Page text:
In the weeks leading up to the Performance - Help them make time and space to practice every day. I recommend a minimum of 15 minutes, but any practice is better than none. Ask to hear their pieces, and to share what they have been struggling with and how they have been solving their challenges.
Before the Performance - Support the performer logistically. Are they fed? Do they have all materials ready and in good working order (including concert clothes)?
During the Performance - Polite applause is expected between songs. Use discretion when taking photographs; flashes can be distracting to performers and fellow audience members. We will be using a professional video camera to record the performance, and I would be happy to share the video with you. If you would like to record yourself, consider coming early and setting up in a discrete location where your camera will not be a distraction to others. Educate young audience members on what they should be listening for and how they should behave during a performance. Turn your phone off and put it away during the performance, unless you are using your phone to access the program. I have experienced students get downhearted when trying to make eye contact with a family member who is glued to the phone. This sends a signal that their hard work is not adequately valued. Make eye contact, smile, and show the performer you are proud of their hard work.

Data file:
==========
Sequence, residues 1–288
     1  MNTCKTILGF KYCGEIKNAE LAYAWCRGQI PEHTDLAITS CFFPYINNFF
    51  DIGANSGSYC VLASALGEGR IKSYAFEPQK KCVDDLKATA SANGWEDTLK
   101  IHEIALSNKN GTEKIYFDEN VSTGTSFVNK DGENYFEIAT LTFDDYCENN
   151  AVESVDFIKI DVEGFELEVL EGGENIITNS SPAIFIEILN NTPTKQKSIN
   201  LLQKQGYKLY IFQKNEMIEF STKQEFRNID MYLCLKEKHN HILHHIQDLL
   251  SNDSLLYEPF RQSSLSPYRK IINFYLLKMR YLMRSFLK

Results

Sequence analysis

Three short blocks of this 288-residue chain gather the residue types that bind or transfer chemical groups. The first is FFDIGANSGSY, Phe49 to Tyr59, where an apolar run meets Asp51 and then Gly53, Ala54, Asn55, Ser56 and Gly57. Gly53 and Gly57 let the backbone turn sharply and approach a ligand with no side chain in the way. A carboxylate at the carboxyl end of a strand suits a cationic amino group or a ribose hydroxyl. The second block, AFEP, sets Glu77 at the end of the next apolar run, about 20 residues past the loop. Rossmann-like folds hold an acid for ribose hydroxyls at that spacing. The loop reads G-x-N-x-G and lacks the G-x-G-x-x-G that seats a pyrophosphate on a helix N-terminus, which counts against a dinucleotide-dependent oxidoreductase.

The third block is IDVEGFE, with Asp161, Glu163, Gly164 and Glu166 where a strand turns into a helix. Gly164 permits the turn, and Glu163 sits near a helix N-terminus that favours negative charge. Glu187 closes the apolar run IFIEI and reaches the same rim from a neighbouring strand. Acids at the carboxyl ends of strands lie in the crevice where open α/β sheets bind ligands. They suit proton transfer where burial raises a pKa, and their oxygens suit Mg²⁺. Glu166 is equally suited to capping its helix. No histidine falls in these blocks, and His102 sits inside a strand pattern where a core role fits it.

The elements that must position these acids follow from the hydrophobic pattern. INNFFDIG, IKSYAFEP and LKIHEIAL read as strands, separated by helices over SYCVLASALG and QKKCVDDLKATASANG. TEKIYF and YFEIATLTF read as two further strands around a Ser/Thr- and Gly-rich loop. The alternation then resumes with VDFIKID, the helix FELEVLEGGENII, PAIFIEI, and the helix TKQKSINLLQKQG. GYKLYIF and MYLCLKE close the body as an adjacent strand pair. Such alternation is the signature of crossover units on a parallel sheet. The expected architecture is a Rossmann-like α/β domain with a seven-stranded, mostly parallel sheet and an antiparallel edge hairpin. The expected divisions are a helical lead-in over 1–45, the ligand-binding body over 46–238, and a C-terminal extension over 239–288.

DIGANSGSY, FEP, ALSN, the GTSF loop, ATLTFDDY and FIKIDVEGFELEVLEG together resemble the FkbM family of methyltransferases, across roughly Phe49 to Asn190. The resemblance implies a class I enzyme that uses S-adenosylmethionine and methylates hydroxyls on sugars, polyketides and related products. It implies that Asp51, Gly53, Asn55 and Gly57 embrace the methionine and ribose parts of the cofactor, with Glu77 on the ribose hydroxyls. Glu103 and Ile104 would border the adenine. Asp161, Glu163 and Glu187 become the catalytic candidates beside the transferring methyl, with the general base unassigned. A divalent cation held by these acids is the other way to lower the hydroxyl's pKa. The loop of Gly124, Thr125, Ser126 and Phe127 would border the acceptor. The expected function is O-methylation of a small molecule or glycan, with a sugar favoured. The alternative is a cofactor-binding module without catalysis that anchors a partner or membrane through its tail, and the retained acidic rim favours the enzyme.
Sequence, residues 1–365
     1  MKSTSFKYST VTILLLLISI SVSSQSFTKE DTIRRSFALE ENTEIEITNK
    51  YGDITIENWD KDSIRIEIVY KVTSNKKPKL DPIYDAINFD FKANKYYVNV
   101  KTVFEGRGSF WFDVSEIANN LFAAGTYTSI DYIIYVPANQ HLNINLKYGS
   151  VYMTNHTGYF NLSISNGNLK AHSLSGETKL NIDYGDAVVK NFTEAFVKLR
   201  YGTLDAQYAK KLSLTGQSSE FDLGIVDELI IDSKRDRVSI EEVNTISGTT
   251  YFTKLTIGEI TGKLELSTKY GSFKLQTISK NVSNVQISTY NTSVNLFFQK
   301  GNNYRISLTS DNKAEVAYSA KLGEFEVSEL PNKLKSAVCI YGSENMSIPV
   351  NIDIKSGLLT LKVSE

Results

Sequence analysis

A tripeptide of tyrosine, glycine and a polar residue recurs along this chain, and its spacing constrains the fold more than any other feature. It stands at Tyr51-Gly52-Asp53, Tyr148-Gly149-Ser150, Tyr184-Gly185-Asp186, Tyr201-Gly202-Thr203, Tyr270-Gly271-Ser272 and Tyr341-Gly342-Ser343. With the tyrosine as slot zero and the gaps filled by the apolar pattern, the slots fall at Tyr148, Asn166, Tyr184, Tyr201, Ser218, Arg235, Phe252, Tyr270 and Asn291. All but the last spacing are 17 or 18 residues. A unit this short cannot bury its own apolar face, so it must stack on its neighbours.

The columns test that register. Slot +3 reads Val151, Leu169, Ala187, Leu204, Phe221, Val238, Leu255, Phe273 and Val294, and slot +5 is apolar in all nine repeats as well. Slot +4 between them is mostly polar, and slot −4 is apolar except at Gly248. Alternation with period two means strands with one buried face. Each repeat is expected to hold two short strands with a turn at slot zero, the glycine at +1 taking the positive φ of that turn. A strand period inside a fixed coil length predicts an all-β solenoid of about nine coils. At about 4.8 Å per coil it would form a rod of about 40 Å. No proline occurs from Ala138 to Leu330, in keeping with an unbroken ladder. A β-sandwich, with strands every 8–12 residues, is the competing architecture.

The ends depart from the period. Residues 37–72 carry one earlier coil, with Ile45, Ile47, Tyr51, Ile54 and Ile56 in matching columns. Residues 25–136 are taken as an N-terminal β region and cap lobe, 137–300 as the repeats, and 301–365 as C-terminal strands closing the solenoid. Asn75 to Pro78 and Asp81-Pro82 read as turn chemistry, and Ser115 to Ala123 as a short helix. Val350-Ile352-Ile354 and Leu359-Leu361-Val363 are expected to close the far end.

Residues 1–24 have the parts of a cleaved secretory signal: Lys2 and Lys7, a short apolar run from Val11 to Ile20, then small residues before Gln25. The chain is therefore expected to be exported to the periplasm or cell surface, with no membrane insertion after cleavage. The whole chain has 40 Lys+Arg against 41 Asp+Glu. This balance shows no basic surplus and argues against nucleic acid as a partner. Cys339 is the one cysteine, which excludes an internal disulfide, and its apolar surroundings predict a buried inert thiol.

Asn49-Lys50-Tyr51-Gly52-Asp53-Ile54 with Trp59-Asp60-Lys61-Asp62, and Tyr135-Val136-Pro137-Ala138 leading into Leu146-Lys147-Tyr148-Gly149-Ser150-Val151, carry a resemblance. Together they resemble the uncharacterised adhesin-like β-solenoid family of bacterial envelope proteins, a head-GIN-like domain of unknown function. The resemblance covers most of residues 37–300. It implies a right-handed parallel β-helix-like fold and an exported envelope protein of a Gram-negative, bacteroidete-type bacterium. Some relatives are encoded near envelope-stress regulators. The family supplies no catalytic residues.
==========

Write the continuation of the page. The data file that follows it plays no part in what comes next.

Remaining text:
After the Performance - The performers have a lot of responsibilities to attend to before, during, and after the concert. Give them praise for their hard work and achievements, then ask if they need help with their post-concert duties. Presenting a performer with flowers is a traditional sign of respect and honor. Treating the performer to a trip to ice cream after the show is a great way to honor their work as well, and provides an opportunity for them to talk about their experience.